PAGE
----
Farm Weekly | 17/12/2008
THE Agriculture Department denies a recent WA trade delegation visit to several Middle Eastern countries was to promote selling WA agricultural land for grain and livestock.
Department grains industry director Peter Metcalfe, who on last month’s visit, said the group was invited to show what WA could offer for grain, dairy, horticulture and livestock production.
The trip included Kuwait, the United Arab Emirates and Saudi Arabia.
Mr Metcalfe said the Saudi Arabians were moving away from irrigated agriculture and were looking at opportunities to import food and grow it overseas.
"They have had a change in water policy as their fossilised water did not seem to be renewing itself,” Mr Metcalfe said.
Mr Metcalfe said the Saudis were also interested in producing food overseas and had already bought land in New Zealand to grow fat-tailed lambs. The Saudis had also bought land in Egypt, Kazakhstan, Jordan, Ethiopia, Sudan and Jordan for grain production.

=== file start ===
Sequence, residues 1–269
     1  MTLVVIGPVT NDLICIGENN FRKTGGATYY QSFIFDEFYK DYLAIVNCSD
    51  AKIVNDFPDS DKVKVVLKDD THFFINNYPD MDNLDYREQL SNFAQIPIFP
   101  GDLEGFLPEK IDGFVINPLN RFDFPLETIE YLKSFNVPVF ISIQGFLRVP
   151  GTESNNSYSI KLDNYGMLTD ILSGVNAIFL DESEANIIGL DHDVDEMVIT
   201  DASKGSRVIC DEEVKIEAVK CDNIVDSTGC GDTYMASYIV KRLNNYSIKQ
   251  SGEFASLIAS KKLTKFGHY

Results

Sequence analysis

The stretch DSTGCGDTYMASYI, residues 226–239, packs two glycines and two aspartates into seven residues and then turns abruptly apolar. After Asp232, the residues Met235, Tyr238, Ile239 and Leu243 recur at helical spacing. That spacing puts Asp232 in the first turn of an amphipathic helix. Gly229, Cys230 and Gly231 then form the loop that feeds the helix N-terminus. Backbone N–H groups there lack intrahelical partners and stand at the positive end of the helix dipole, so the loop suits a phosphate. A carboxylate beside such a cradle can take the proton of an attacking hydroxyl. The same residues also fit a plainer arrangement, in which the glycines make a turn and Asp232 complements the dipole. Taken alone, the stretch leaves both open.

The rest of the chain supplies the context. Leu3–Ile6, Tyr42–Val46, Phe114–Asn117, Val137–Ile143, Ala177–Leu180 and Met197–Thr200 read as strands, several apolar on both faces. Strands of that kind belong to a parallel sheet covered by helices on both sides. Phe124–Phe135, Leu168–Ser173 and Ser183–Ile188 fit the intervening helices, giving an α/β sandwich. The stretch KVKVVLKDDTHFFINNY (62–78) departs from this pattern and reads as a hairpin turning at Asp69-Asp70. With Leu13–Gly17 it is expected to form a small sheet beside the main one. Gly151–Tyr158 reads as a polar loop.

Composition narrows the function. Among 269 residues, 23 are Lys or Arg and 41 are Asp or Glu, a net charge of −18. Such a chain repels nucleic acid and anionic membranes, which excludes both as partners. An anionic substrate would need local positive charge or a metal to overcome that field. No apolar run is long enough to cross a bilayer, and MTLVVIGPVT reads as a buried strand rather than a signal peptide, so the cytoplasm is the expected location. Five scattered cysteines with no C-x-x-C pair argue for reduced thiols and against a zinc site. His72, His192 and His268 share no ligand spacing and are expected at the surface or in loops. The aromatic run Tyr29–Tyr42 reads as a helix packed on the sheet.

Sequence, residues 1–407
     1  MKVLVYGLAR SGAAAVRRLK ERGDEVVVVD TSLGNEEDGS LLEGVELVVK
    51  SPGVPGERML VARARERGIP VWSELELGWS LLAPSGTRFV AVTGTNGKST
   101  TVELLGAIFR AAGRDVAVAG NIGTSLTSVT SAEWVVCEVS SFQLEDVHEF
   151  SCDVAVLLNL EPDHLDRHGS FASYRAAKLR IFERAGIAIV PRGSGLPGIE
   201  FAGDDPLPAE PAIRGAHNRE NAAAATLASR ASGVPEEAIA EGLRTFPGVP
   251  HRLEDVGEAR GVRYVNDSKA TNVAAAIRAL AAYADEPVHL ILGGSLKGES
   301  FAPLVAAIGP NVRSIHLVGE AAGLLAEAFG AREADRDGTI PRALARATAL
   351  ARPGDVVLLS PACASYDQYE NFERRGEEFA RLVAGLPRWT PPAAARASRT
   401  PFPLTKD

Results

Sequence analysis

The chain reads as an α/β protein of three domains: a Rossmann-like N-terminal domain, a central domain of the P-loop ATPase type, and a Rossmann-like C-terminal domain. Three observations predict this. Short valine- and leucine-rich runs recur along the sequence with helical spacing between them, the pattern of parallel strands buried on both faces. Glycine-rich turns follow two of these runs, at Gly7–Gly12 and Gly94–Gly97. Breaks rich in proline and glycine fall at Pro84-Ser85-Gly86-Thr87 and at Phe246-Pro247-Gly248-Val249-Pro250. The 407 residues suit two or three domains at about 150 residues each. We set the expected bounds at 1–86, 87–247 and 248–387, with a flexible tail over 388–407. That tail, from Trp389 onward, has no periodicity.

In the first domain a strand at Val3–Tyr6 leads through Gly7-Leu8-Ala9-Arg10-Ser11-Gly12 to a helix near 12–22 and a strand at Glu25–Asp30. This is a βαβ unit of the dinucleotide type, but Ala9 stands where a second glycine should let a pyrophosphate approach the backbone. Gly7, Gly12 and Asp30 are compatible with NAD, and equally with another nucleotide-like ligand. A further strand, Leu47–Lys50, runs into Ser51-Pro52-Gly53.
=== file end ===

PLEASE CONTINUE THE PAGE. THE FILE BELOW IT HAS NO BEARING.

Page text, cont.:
“They are also looking at buying land in Argentina and Brazil,” he said.
Mr Metcalfe said the visit was to see how well placed WA fared compared to other countries.
We were not out there selling individual farms,” he said.
But he said the potential investment of Saudi investors in WA land could range from $200 million to $1 billion for individual projects.
Mr Metcalfe said the Middle East investors were interested in buying farms and having them managed by WA farm managers. He said some of these deals could be completed within 18 months. “They are looking at this purely as a commercial investment,” he said.
Mr Metcalfe said that some of the individual land deals could be spread between states to spread the risk.
He said he saw the investment as a positive outcome for WA agriculture because it would underpin land values, increase economies of scale and provide an opportunity for growers to exit the industry. WAFarmers president Mike Norton said while there had been plenty of overseas investment in WA agriculture in the past, the most successful operations were still WA family farming enterprises.
He said the department’s focus should be on encouraging existing WA producers to stay on the land.